“... Group of 5: Military Medal, GVR bust; (1117 L.CPL F. LEE. 2/WELSH R.); 1914 Star; (1117 PTE F. LEE. 2/WELSH R.); British War Medal and Victory Medal; (1117 CPL. F. LEE. WELSH R.); Imperial Russia: Saint George Medal for Bravery, 4th Class in Silver, this being the type issued from 1915 onwards, reverse bearing the impressed award number: ’No901662’. ...”
 

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Megabite1

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Здравствуйте.

Подскажите кто то знает об таком факте :

20.11.1916 в Царском Селе были розданы лично Его Императорским Величеством георгиевские награды английским морякам.

Из дневника Николая 2
20-го ноября. Воскресенье. 1916 г
До 10 час. зашел с Алексеем к М. В. Алексееву проститься, т. к. он уехал в Севастополь полечиться в Романовском институте. Поехали все вместе к обедне. После завтрака простились с адм. Phillimore, кот. возвращается в Англию. Сделали прогулку по Бобруйскому шоссе. Чай пили у дяди Павла с княг. Палей и семьей. Принял князя Баграт[иона]-Мухран[ского] после его поездки на Мурманскую ж. д.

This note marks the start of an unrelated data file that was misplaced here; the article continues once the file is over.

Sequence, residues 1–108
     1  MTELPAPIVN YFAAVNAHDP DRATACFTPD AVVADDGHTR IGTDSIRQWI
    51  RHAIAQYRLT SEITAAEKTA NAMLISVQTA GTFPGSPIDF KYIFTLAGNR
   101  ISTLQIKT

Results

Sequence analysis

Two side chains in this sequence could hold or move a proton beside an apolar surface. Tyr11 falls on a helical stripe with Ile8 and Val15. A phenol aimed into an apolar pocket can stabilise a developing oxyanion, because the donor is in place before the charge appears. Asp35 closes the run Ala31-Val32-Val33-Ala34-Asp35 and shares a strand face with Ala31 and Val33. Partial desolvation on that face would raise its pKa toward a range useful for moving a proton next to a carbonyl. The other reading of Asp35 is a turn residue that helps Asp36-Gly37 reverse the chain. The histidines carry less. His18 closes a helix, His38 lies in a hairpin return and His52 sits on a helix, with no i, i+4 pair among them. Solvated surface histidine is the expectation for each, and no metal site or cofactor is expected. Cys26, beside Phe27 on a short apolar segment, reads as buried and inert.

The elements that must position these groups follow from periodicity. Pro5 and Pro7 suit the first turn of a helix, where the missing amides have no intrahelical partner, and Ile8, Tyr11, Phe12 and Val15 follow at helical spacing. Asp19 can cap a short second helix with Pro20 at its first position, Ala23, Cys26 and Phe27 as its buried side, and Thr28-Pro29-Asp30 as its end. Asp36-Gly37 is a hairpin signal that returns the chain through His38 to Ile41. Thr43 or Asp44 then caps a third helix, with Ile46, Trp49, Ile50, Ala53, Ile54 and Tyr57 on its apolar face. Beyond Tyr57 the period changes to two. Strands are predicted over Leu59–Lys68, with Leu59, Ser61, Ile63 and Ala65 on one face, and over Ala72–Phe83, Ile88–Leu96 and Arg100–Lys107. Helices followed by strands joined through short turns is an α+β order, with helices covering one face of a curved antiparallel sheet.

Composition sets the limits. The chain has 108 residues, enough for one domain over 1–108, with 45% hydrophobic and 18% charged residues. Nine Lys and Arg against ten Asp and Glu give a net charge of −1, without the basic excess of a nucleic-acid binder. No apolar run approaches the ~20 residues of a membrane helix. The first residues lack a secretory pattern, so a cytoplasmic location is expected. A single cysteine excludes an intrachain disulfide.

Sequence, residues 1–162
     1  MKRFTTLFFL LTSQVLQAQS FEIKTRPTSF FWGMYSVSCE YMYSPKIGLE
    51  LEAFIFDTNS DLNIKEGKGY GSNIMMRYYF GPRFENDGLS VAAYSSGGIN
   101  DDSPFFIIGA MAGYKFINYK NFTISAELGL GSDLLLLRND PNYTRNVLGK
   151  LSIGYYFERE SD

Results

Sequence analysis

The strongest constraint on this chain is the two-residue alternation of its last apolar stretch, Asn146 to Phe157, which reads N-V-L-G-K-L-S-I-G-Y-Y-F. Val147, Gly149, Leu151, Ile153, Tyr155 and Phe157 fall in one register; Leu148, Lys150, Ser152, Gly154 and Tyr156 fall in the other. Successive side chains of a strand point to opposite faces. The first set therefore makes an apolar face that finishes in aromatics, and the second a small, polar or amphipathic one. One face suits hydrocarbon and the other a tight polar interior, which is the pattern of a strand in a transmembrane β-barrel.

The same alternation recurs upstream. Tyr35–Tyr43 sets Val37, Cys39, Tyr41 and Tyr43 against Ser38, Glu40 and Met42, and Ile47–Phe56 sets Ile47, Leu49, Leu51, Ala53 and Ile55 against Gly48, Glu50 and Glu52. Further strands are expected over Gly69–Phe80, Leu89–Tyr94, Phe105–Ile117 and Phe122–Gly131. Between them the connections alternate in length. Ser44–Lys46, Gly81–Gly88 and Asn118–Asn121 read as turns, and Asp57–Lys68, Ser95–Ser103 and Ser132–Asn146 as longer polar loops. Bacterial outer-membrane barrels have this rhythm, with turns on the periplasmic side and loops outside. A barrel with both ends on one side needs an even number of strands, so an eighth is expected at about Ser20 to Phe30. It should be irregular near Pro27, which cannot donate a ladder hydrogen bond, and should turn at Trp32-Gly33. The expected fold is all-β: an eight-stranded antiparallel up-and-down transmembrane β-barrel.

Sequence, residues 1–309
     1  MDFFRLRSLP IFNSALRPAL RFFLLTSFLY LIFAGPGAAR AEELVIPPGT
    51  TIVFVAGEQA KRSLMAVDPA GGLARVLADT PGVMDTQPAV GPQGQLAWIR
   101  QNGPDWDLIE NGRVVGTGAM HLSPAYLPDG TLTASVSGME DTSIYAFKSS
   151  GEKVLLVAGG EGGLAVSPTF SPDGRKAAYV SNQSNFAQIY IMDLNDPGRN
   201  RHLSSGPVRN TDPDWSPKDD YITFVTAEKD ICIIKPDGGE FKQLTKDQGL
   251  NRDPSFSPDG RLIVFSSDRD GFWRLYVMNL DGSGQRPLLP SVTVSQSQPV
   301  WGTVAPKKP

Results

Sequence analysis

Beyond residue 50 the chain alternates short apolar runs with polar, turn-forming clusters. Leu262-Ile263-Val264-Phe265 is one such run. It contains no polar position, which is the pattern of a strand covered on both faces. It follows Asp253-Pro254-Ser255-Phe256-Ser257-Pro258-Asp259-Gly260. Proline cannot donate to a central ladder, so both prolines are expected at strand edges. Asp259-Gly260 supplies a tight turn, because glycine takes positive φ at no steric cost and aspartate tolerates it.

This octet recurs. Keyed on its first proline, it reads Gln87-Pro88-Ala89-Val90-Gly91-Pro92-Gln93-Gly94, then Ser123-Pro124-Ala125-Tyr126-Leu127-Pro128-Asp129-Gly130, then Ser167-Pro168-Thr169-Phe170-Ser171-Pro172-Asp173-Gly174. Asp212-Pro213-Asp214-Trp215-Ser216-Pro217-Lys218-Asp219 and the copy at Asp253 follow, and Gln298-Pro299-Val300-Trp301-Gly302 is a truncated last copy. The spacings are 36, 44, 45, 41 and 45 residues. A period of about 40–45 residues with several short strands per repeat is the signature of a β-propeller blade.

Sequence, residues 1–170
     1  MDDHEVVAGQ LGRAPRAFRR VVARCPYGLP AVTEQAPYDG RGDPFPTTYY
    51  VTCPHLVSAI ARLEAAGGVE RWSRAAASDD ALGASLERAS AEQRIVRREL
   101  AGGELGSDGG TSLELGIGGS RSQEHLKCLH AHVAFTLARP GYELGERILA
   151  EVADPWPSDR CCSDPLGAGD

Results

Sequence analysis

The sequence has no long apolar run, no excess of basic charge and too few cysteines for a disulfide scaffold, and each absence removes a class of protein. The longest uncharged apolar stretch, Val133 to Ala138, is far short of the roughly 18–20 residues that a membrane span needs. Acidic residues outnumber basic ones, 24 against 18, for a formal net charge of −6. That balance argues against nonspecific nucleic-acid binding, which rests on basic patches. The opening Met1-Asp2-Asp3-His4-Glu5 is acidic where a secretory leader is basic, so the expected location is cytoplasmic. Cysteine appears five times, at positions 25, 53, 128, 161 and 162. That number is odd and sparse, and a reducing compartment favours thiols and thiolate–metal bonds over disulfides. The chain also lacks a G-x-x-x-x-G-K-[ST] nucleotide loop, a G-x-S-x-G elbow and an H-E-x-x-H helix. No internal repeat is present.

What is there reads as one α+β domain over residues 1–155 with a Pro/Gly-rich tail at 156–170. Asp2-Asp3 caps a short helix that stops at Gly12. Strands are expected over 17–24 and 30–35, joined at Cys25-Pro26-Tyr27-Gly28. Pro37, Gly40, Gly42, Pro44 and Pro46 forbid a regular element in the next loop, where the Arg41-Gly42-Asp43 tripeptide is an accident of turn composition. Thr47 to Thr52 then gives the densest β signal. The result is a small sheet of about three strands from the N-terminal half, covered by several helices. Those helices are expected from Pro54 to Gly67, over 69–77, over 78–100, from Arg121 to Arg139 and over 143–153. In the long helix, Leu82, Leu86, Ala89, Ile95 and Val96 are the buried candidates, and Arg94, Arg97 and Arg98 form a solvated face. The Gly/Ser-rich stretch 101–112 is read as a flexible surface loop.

Известно сколько и чего раздал Николай 2? кто то встречал эти награды ?
 

Igor Ostapenko

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Description
'A morass which although only some 25 yards wide required an hour to traverse, for we went up to our armpits in the frightful mud … there was nowhere to put down a rifle and keep it dry, every rifle had to be held the whole 48-hour tour. Sleep was impossible; the men simply stood motionless in water for two days and nights … '
Life in the 1st Leinsters at St. Eloi in early 1915; The History of the Prince of Wales's Leinster Regiment, by Colonel F. E. Whitton, C.M.G., refers.

An exceptional and regimentally unique 1914 operations D.C.M. and 'St. Eloi 1915' Dated Bar group of five awarded to Sergeant J. Maher, Leinster Regiment, who died of wounds during the battle of Frezenberg Ridge in May 1915

Distinguished Conduct Medal, G.V.R., with Second Award Bar dated '15th March 1915' (7622 L. Cpl. J. Maher. 2/Leins. Regt.); 1914 Star, with clasp, neatly erased naming and re-gilded; British War and Victory Medals (7622 Cpl. J. Maher, Leins. R.); Russia, Imperial, Cross of the Order of St. George, Fourth Class, silver, reverse officially numbered '127346', generally very fine or better (5)

D.C.M. London Gazette 1 April 1915:

'For gallant conduct at Prémesques on 20 October 1914, in carrying messages on numerous occasions under heavy fire. Was previously brought to notice for gallantry on 23 September at Cour de Soupir, when he brought up food to the trenches whilst exposed to heavy shell fire.'

Bar to D.C.M. London Gazette 3 June 1915:

'For conspicuous gallantry, marked ability, and coolness, at St. Eloi on 15 March 1915, when he took command of the trench after his officer had been killed and repulsed the attack of a very superior force, inflicting great losses on the enemy.'